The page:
(CNN) -- It's a good summer for piers.
Ryde Pier in the UK just celebrated its 200th birthday, and New York's historic Pier A will reopen any time now (we're told), after decades of neglect and a multi-million dollar revamp.
The structure, first opened in 1886 and now listed on the National Register of Historic Places, closed to the public in 1960 but will soon host a visitor center, an oyster bar and a fine dining restaurant.
If you can't get to these icons of jetty-hood though, there are plenty of other spectacular piers to travel for.
Umhlanga Pier (Durban, South Africa)
This pier isn't just a place to grab a great photo -- it's an extension of an underground culvert that helps disperse excess storm water from the land into the ocean.
The distinctive whale bone structure won the South African National Award for Outstanding Civil Engineering Achievement.
Length: 80 meters.
Contains: Storm water disposal channels.
Rotonda a Mare (Senigallia, Italy)
Rotonda a Mare ("circular pier") had additional purposes during wartime, serving as a military warehouse during World War II.
The pier was built in 1923 but closed in 2005 for renovations. It reopened a year later, with a beautiful sea-themed mosaic by Enzo Cucchi adorning the entrance.
Contains: A concert hall.
Clevedon Pier (Somerset, UK)
Late English poet Sir John Betjeman described this pier as "the most beautiful pier in England."
It was built in 1869 as a departure point for paddle steamer excursions, and is the only fully intact, Grade 1 listed pier in the UK.
The supports were constructed using metal taken from Isambard Kingdom Brunel's South Wales railway.
Length: 312 meters.
Contains: Art gallery and gift shop.
Cost: $1.60 for children, $3 for adults.
Kastrup Pier (Kastrup, Denmark)
This unusual pier contains a structure that encircles an outdoor swimming area, allowing visitors to take a dip without the risk of being washed out to sea.
The pier is made from azobe wood, which is resistant to sea water and at night up-lighting emphasizes the beautiful curved wooden walls and illuminates the swimming area -- and the skinny dippers who reportedly frequent it.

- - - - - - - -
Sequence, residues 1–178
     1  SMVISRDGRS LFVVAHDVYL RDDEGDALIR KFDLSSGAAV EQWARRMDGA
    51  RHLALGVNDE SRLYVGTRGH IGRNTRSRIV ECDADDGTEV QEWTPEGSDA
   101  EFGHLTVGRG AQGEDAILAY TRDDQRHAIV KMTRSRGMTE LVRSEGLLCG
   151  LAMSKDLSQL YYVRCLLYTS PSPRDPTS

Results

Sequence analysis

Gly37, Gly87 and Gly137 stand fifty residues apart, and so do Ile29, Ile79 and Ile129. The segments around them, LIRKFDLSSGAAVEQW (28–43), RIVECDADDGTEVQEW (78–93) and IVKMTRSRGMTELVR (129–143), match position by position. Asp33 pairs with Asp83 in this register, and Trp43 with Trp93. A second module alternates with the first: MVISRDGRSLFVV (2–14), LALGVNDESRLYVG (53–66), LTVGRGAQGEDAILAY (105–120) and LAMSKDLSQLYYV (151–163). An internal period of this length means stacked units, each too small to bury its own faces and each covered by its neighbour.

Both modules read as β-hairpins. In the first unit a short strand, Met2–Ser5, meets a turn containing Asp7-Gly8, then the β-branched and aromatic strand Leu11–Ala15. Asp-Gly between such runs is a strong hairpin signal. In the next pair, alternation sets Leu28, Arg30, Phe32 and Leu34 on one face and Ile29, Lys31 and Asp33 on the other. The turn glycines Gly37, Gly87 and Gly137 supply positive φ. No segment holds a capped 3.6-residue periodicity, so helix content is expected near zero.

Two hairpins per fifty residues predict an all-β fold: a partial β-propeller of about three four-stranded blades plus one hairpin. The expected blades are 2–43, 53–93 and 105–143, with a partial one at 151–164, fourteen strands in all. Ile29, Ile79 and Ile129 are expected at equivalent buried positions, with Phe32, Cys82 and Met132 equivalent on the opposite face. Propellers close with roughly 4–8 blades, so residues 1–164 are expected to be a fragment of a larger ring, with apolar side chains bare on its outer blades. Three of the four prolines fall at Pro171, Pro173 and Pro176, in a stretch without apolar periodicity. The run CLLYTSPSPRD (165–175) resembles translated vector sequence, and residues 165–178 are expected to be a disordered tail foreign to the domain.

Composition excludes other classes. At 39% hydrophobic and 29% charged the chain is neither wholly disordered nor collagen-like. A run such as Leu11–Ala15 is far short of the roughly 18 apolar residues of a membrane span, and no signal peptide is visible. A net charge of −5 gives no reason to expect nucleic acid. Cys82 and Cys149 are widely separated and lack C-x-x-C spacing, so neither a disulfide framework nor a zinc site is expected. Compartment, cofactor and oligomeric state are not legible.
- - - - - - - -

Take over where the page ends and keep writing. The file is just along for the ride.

Length: 100 meters.
Contains: A swimming area and diving platform.
Huntington Beach Pier (California)
With a length of 560 meters, this beautiful Californian pier is one of the longest on the U.S. west coast.
During World War II it doubled as a submarine lookout post, with machine guns positioned at the end.
If you don't live nearby, you can check out the view from the pier at any Hollister store -- footage recorded by cameras at the end are shown on screens inside.
Length: 560 meters.
Contains: A diner and shops.
Los Muertos Pier (Puerto Vallarta, Mexico)
This 328-meter-long pier was designed by architect José de Jesús Torres Vega and opened in 2013 as part of a scheme to regenerate Puerto Vallarta.
Construction costs totaled $2.4 million.
The pier is especially popular with couples; historically, Los Muertos is one of Puerto Vallarta's most romantic areas, despite the name's distinctly unromantic translation: Los Muertos means "the dead."
Length: 328 meters.
Contains: A landing dock and sculpture.
Scheveningen Pier (Scheveningen, Holland)
Scheveningen pier stands out because of its unusual construction, which comprises four island-type sections and upper and lower areas.
The structure, the longest pier in the Netherlands, was built in 1959 and purchased by hotel firm Van der Valk Hotels for the symbolic price of one guilder ($0.50) in 2001.
Length: 382 meters.
Contains: Restaurant, casino and a children's funhouse.
Brighton Pier (Brighton, UK)
Brighton's only remaining pier (the rest have burned down) has had starring roles in "Sweeney Todd: The Demon Barber of Fleet Street," the 1970s British TV series "The Persuaders" and Ralph Fiennes' drama "The End of the Affair."
An unusual fact? If Usain Bolt maintained his 200 meter sprint record for its entire length, it would take him 50.36 seconds to reach the end.
Length: 524 meters.
Contains: A theme park, shopping arcades and amusement arcades.
Visitors per year: 4 million.
Busselton Jetty (Busselton, Australia)
This is the longest pier in the Southern Hemisphere.
A railway runs along its length and it's the only pier with an underwater observatory at the end.
Prior to the Commonwealth Games in 2006, the Queen's baton -- the Commonwealth equivalent of the Olympic torch -- was taken to the observatory and carried underwater by a diver.
Length: 1,841 meters.
Contains: An observatory.
Tamara Hinson is a freelance travel writer based in the UK.
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